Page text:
Lesson Plan - Get It!
Margot has four children. If each child eats dinner, they will get two cookies for dessert.
- How many cookies does Margot need to make sure each child gets two cookies?
Multiplication is just a way to simplify long addition problems.
For example, if Margot has four children and each child gets two cookies after dinner, you could say the following.
2 + 2 + 2 + 2 = 8
You could also simplify this problem by saying 2 x 4 = 8.
Your multiplication tables are one of the most important mathematical concepts you will ever learn!
Almost everyone uses multiplication every day. It helps your parents set a household budget, calculate the total cost of purchases at a store, and determine how much certain ingredients are needed when cooking.
When learning your times tables, it is best to start with the twos. In this lesson, you will master your two-times tables.
One of the best ways to learn your times tables is by listening to them with music. You will find that the more you listen to a times-tables song, the faster you can sing it.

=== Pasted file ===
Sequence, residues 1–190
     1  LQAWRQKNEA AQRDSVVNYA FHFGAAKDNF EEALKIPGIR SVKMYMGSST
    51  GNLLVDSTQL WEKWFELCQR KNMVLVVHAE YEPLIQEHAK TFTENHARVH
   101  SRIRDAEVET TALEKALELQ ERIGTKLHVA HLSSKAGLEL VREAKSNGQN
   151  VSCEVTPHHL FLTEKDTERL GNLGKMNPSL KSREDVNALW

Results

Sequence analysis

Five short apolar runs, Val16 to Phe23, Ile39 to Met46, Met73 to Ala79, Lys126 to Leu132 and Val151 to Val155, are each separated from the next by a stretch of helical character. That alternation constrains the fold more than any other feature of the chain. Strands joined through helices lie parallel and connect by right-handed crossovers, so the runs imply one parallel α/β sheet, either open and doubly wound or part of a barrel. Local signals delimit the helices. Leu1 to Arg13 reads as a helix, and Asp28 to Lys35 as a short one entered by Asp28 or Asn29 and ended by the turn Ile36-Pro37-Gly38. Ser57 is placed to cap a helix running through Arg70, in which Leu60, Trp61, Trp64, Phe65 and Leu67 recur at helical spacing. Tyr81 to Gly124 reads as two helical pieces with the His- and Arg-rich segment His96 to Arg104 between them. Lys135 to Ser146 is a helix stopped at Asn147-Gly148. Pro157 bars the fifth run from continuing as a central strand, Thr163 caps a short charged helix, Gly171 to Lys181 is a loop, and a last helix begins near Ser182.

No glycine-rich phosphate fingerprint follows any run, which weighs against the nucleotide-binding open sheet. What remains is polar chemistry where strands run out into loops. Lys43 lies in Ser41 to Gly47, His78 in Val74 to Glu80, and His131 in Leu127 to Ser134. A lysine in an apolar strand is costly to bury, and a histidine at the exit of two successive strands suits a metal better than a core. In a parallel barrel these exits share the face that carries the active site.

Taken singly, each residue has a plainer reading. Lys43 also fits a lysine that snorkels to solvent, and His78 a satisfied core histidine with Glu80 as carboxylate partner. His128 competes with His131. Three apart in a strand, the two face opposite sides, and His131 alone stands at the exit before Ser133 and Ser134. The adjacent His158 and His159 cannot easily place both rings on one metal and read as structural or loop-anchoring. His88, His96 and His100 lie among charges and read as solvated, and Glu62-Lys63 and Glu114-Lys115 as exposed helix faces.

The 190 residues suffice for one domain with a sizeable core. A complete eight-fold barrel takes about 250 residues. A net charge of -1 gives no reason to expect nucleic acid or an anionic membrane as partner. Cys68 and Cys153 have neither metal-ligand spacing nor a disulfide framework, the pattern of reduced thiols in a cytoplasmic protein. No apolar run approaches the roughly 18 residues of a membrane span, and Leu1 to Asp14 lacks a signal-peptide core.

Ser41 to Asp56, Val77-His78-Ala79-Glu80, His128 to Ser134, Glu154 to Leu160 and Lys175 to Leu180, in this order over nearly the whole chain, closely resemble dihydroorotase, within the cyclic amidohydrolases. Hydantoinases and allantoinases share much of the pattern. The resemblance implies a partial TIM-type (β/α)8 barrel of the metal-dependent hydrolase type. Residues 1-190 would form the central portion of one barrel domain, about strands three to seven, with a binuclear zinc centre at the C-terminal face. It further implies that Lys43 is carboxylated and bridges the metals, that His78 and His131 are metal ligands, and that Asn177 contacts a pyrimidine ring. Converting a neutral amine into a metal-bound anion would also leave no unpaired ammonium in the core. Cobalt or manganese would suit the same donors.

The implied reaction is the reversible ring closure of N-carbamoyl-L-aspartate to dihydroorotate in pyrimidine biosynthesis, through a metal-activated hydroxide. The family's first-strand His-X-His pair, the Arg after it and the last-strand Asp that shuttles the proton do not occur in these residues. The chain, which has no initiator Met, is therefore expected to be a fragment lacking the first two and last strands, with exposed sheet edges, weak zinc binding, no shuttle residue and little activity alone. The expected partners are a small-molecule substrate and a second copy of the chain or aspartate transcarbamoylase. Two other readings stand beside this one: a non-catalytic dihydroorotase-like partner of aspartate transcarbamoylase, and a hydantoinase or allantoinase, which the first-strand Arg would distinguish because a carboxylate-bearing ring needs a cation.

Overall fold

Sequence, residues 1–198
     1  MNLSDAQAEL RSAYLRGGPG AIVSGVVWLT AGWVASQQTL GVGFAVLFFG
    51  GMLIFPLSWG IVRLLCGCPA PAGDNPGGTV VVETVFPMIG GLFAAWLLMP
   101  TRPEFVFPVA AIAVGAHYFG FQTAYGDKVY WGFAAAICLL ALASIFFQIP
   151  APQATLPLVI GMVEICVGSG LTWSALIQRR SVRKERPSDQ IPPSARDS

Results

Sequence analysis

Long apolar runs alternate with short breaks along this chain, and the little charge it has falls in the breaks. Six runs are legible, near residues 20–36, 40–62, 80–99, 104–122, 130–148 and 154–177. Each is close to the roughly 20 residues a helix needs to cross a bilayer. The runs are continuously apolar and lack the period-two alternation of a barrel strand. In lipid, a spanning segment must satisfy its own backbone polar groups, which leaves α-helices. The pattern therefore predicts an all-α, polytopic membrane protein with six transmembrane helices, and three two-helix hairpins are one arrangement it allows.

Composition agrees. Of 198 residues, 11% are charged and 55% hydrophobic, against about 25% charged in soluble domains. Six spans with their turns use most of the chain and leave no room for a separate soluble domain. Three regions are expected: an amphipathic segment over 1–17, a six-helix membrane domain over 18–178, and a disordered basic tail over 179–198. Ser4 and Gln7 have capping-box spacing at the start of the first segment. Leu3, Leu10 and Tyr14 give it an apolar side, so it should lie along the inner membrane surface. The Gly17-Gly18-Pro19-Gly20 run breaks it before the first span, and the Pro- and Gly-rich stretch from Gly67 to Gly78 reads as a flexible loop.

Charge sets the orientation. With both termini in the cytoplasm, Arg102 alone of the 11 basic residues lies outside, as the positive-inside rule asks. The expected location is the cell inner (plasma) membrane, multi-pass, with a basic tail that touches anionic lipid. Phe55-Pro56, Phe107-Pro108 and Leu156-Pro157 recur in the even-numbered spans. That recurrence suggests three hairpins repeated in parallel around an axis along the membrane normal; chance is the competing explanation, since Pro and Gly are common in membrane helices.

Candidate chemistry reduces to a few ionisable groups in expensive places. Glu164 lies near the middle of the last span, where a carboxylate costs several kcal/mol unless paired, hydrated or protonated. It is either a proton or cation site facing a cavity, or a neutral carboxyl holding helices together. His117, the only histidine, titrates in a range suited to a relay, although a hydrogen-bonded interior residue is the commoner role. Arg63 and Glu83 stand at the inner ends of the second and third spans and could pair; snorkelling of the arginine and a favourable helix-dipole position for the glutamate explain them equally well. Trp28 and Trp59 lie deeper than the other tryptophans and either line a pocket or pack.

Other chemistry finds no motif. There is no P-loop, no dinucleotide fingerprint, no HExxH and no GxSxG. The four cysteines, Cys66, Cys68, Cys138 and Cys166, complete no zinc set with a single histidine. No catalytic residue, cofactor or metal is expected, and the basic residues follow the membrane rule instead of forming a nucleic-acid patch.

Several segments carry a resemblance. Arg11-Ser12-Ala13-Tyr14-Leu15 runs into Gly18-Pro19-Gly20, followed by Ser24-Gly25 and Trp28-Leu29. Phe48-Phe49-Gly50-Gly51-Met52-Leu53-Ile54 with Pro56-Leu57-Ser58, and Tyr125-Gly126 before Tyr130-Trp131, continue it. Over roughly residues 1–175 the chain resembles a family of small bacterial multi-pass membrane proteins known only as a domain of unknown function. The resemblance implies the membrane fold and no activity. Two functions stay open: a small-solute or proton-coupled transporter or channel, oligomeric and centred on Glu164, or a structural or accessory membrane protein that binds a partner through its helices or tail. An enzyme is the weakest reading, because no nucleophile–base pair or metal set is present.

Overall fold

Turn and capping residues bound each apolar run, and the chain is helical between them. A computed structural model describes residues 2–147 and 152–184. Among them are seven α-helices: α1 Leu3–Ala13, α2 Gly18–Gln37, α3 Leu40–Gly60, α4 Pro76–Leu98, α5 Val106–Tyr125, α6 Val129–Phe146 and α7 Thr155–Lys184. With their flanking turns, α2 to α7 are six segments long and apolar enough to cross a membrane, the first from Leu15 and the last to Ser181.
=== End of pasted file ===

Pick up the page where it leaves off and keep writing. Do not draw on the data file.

Start learning your two-times tables with the song in the video below!
Listen to the song two or three times. Once you start to get the hang of the song, try singing along!
Look at the multiplication table below. The two-times tables have been highlighted.
(If you are uncertain how to use a multiplication table, review using our lesson found under the Additional Resources in the right-hand sidebar.)
- What do you observe when you look at the highlighted sections?
- Is there a pattern?
- Do any numbers recur often?
Multiples are the products of a specific number. When learning your times tables, you want to memorize the multiples for each number through 12.
Here are a few tips to help you remember multiples of two.
Multiples of two are always even numbers. If unsure what an even number is, review our lesson under Additional Resources in the right-hand sidebar.
The product is always the same as adding the other number to itself. For example, the product of 2 x 8 is the same as the sum of 8 + 8.
Throughout this series of Related Lessons, you will learn different tips and tricks, like the one just mentioned, to help you learn the times tables.
Create a foldable to keep all these tips and tricks organized!
- Fold a piece of paper in half vertically, like a hot dog. When you open the fold, a line should run down the center of the paper.
- Cut ten equally spaced lines to the fold using scissors. This will create 11 flaps.
- Number the flaps from 2-12.
- Under each flap, write any tips or tricks you learn to help you memorize that set of times tables. You can start by writing the tips you learned under the 2 flap.
Keep this foldable and add to it as you complete each lesson.
- Think you know your two times tables?
Move to the Got It? section to practice solving multiplication problems with two.